Avg: 2 from 1 vote
|Type:||Trad, 1500 ft (455 m), 8 pitches, Grade IV|
|Page Views:||689 total · 14/month|
|Shared By:||Ming on Aug 2, 2017|
|Admins:||Jay Knower, M Sprague, Lee Hansche, Jeffrey LeCours, Jonathan Steitzer, Robert Hall|
I would recommend just doing the 7 pitches and then rap off, unless you are ready for adventure in a vertical forest. It becomes vertical bushwacking mountaineering at its best(worst?)
Pitch 1 - 5.8 200+ feet. Start on P1 of "The Wave". It is located on the left most side along the slab - you have to hike up left from the base of the slab off of the approach trail to about 60-100 feet or so up in the gully separating Chinos slab from Bore Tide. If you look hard enough you will see a bolt right on the slab to protect establishing one's self on the slab from the bushes below. Got up and there is some natural pro to 5 more bolts. The crux is right at the 5th bolt and is well protected. 6 bolts total 200+ feet to a bolted anchor. 60 meter will ALMOST NOT reach - it's super close!
Pitch 2 - 5.6? 230+ feet. Start from the bolted anchor and just go straight up the slab following 3 bolts. It's mostly low angle (5.3? 5.2?) to a single 5.6 move. 60 meter rope WILL NOT reach the tree ledge and we simul-climbed to avoid any shenanigans.
Pitch 3 - the crux is at the start and ends lower angle. Not much pro but after 5.5 start it's mostly an easy steep hike. 190 feet to a tree ledge and use the tree as the anchor.
Pitch 4 - From the ledge go up and right past the bushiness that is in front of you. Then go straight up. Route finding can be tricky here - use the beta pics for reference. Tricams works on this pitch for pro. Again pretty run out but super easy. 5.2 170 feet or so.
At the top of the pitch move the belay station about 50 feet to the right through a "subway" tunnel. See the beta photos for reference.
Pitch 5 - there is much route finding here so pay attention. Go up and right past a bushy ledge to a headwall of sorts - it has diagonal as well as horizontal cracks that is completely vegetated. I gardened the pro (BD #1 works quite well in a horizontal after cleaning out the dirt) and it leads to a grassy ledge that has an overlap slab. Go to the middle of that slab and mantle up onto it - it's only like 15-20 feet long and it'll dump you in a gardened grassy ledge at the bottom of a very clean looking slab. Sling the tree there and belay. 170 feet 5.6.
Pitch 6 - go up the clean slab passing a bolt, then aim for the shallow corner above it and use it for pro and follow it up. When the corner peters out there should be another bolt. Exit left to another ledge and belay from a tree. 5.6 2 bolts total 180 feet.
From here there is a "climber's trail" that moves the belay up the tree ledge about 80 feet to a clearing for the next pitch.
Pitch 7 - It's lichen-y and bushy and just not very memorable. 5.6 170 feet. Basically go up and right and through a ledge with bushes, and then up the slab more to a clearing you can spot with a rappel sling tied around a tree that marks the top of the pitch.
From here be forwarned that the climb is basically done. You can rappel from here or if you want to do some adventure climbing/suffering...
300+ feet of bushwack mountaineering awaits. It starts off well enough on a "climber's trail" that's pretty faint that goes up and right. It ends in a lichen-y broken slab. The slab heads back left. Going up the slab doesn't instill confidence with the lichen but it's probably the right way and it leads to some ferns and then into some pine trees. It will deposit you at the left side of the headwalls.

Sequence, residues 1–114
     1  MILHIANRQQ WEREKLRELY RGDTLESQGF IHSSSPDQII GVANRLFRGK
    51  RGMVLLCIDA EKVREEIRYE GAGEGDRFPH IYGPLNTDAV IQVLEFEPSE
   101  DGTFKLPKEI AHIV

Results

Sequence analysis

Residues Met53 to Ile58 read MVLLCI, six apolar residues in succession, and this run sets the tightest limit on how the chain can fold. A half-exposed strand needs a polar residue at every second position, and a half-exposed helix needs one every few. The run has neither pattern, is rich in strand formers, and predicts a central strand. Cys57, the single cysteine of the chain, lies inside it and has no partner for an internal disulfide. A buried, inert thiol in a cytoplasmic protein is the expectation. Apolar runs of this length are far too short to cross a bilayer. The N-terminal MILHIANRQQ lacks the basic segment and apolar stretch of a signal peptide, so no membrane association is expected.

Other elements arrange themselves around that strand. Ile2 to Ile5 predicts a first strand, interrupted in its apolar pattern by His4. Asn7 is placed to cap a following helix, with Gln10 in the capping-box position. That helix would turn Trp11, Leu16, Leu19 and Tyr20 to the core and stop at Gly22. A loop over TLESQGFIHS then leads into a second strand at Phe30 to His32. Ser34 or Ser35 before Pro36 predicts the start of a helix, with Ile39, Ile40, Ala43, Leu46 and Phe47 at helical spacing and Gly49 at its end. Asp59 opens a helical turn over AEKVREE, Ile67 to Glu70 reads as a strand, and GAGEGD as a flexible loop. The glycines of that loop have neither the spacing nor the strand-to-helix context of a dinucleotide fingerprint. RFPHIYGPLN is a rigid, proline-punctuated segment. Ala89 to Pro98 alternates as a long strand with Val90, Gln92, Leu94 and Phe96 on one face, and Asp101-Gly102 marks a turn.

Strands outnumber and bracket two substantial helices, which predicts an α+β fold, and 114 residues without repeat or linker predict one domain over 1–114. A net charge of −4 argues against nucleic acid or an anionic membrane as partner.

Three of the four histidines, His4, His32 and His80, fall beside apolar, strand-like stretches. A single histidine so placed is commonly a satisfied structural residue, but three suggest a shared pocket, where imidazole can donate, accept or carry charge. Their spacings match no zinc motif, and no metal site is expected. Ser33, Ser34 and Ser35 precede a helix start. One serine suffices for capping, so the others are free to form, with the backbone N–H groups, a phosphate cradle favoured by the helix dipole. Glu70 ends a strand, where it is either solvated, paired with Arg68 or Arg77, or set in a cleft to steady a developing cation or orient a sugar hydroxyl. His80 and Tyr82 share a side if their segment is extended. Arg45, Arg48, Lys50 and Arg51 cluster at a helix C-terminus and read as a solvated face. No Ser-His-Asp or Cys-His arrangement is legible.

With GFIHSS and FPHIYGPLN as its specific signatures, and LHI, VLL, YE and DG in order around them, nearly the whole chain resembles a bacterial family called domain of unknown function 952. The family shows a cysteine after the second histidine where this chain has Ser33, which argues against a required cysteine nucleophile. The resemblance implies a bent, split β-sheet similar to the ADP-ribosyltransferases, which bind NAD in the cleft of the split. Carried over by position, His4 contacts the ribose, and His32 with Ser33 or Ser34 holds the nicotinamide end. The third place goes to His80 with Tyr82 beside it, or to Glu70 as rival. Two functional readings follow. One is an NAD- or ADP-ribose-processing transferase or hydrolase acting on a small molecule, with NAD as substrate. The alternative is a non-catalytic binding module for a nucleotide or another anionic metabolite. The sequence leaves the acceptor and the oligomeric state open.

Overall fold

The mythical 8th pitch. If someone actually climbed it, let me know. The headwall looks very impressive, but we spot at least 3 "left leaning ramp" that seem to fit the description. The one the party ahead of us tried was pretty loose and not at all clean rock so they retreated.
After you rappel or whatever to get back to the base of the headwall, you can bushwack your way down until there is a clearing or go to the climber's right for about 30 yards and you see a dirty slab. You can rap from a tree down the dirty slab, break through the bushes/trees below to more dirty slab - that's where the bushwacking meets up. I don't know if it'll be a clean pull.
We then trended skier's right and then there is another small clearing - we single roped rappelled down the fern and lichen slab into the trees as far as reasonable and then bushwacked going skier's right until we met up with the climber's trail.
We got back to the top of pitch 7 at that point and the rap sling. Did that rap to top of pitch 6. From pitch 6 rap from a tree down past the belay clearing and you'll see a tree with rap rings of pitch 5. Then you move through the "Subway" tunnel and there is rap rings at the top of pitch 4, rap down pitch 4 to the tree ledge of top of pitch 3.
From the top of pitch 3 traverse down about 30 feet to the skier's right (and down) and you should see a rap station there, rap straight and to the climber's left a bit to end up in the trees to the left of the tree ledge on top of pitch 2. DO NOT rap down to the ledge of top of pitch 2 - you'll have to leave a bail beaner if you do and rap from one of the bolts (pitch 2 is 70 meters, so if you can do 70, I say go for it and rap the route). Head skier's right and down a little bit - you may have to bushwack I'm not sure how well the trail is marked - and you'll find a rap station that'll rap into the gully. This is VERY BUSHY/BRANCH-Y so prepare to stomp, use your back, and step on mud as you descend into the gully and go as far down with 2 60s till a flat clearing spot. At this point you are only about 30 or so feet from the start of the route. I would say the final rap is around 150-175 feet.